Military Review English Edition September-October 2014 - Page 90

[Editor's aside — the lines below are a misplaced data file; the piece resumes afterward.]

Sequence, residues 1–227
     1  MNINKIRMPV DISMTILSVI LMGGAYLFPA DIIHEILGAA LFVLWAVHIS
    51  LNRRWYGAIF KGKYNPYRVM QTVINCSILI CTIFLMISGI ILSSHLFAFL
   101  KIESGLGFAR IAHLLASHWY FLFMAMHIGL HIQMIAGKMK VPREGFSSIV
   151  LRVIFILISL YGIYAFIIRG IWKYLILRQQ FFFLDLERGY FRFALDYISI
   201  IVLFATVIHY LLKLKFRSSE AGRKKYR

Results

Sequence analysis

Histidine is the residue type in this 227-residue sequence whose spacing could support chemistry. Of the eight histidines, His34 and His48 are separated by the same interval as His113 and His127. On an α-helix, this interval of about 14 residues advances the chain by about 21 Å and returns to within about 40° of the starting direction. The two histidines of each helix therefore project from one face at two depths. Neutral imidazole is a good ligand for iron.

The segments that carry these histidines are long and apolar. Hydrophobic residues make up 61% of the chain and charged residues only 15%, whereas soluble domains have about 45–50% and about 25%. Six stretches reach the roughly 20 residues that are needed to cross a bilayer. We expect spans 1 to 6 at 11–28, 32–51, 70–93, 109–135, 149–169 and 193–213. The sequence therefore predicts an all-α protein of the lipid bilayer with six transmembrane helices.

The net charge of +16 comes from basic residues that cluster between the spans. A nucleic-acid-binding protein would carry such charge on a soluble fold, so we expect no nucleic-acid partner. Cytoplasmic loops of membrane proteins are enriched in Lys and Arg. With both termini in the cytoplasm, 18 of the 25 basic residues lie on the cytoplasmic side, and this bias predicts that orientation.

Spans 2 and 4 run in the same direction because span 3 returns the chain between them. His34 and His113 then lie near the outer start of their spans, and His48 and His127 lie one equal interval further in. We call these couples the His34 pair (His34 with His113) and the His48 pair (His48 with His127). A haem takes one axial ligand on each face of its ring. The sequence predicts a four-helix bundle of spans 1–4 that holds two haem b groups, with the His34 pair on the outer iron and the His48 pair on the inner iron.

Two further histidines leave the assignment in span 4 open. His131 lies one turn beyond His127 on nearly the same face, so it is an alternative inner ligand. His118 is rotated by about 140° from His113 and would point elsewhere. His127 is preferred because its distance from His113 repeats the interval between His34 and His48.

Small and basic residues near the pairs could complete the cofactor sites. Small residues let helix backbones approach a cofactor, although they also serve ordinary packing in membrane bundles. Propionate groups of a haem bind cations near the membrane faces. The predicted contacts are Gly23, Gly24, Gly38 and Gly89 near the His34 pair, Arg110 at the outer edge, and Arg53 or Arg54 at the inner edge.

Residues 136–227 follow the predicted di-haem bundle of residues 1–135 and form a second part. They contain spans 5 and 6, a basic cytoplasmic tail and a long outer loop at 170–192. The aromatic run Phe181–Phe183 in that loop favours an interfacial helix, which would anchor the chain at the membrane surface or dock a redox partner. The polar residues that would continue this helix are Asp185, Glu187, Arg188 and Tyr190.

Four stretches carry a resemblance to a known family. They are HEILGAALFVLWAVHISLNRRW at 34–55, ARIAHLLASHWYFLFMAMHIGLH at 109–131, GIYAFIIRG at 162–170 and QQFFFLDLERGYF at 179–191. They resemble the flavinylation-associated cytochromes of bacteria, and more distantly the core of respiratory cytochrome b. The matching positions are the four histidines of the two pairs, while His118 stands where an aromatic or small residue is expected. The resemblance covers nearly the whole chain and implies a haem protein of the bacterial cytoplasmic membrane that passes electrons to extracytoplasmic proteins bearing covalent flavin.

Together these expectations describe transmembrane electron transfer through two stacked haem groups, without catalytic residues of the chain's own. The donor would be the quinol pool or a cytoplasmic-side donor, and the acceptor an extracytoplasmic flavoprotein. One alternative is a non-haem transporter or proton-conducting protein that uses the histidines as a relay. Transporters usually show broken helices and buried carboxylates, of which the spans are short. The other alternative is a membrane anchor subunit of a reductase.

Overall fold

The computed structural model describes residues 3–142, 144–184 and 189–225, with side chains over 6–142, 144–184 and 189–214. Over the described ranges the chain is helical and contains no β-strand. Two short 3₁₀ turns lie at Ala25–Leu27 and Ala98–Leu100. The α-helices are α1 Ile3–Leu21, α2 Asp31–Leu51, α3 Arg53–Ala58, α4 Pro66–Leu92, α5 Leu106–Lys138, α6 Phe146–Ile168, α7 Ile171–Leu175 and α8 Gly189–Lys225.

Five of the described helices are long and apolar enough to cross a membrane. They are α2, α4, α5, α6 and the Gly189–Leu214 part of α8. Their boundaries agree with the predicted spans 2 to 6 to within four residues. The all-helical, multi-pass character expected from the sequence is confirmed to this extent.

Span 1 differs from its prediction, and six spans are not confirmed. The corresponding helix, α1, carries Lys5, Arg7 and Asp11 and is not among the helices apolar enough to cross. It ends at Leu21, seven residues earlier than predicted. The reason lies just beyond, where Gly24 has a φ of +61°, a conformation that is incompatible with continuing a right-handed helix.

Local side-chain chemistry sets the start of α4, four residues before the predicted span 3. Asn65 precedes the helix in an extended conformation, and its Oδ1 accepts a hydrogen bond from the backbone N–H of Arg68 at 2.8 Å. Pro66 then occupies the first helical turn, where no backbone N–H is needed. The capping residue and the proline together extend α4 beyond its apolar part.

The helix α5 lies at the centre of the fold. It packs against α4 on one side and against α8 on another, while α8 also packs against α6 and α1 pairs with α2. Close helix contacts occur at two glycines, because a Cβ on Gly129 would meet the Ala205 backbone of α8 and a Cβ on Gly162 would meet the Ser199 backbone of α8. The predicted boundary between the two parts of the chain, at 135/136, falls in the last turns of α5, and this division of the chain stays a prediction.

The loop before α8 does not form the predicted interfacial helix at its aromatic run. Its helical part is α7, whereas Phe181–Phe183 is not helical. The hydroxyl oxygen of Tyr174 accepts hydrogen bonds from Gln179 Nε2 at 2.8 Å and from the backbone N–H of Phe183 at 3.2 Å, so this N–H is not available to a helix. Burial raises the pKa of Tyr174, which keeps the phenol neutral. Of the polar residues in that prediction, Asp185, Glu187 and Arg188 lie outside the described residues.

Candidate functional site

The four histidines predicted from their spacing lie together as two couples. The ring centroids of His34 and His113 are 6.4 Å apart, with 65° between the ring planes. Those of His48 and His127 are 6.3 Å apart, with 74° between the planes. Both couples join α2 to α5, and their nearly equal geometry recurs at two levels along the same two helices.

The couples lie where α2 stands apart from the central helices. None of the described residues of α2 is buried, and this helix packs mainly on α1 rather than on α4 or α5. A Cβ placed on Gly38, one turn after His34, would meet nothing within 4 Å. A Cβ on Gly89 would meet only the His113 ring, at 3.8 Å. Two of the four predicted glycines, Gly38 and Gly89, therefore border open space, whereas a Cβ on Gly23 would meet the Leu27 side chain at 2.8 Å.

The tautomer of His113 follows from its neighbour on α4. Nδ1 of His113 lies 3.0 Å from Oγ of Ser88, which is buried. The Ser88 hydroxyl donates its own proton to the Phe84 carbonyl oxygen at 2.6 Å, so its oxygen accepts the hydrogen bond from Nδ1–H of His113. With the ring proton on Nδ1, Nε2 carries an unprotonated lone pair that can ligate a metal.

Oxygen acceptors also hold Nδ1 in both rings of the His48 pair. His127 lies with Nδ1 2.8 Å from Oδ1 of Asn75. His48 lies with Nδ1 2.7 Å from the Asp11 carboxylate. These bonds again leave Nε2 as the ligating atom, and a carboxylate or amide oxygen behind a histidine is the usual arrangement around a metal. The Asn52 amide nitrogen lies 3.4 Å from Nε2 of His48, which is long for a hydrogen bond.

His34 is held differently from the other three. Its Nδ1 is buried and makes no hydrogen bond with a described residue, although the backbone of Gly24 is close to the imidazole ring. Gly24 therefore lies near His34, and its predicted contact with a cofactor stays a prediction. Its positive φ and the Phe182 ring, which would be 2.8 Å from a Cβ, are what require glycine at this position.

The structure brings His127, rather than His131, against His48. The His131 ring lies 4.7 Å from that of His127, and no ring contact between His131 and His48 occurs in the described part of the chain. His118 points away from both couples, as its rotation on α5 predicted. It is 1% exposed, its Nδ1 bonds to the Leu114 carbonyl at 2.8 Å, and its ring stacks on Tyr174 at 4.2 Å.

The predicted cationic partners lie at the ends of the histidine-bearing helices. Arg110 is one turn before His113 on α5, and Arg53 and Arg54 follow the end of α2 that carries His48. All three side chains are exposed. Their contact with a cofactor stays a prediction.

Retaining the Warrior Spirit Maj. Andrew J. Knight, U.S. Army Maj. Andrew Knight is a distinguished graduate of the Marine Command and Staff College at Quantico, Virginia. He holds a B.S. from the U.S. Military Academy, an M.P.A. from John Jay College of Criminal Justice, and an M.M.S. from Marine Corps University. Maj. Knight has served in a variety of combat arms assignments and has deployed to Iraq and Afghanistan. T he transition out of current combat operations is unique for the United States Army because it ends the longest duration of warfare by an all-volunteer force in U.S. history. This transition, along with the current fiscal constraints, brings a number of challenges. The reduction in the size of the Army and the squeeze of a tighter defense budget are the most publicized issues that senior Army leaders are facing. However, another concern that gets little attention outside of the military is the potential flight of talented and experienced junior leaders after the excitement of combat is no longer available. Related to this is another less visible, yet significant issue, namely, the possible loss of the warrior spirit that currently pervades the Army and contributed so much to its success in Iraq and Afghanistan. Many criticisms of military leadership practices and the Army’s preparedness for war rose in the peacetime environment of the late 1980’s and 1990’s which 88 downplayed the importance of a warrior mentality as a necessity for dealing with the stress of close quarters combat. With the advent of prolonged conflict in Afghanistan and Iraq in 2001, and as a means of realigning the Army with the basic tenets of warrior heritage, then Army Chief of Staff Gen. Erik Shinseki introduced the Soldier’s Creed in 2003.1 The purpose of the creed was to infuse a common code within the Army to help produce victory on the battlefield. The Soldier’s Creed (which contains the four lines dubbed the Warrior Ethos) was intended to instill a certain spirit amongst professional soldiers. Internalizing the published ethos took little time, given the ongoing operations in Iraq and Afghanistan. As the Army returns to a peacetime posture, while the spoken ethos endures as part of the officially published creed, the spirit of the individual warrior that provided true meaning to the ethos is in danger of diminishing as combat becomes more remote as a normal part of organizational culture. Fortunately, though evolutionary changes in the military are rapid in wartime, they are much slower during peacetime.2 This condition affords senior Army leaders a window of opportunity for maintaini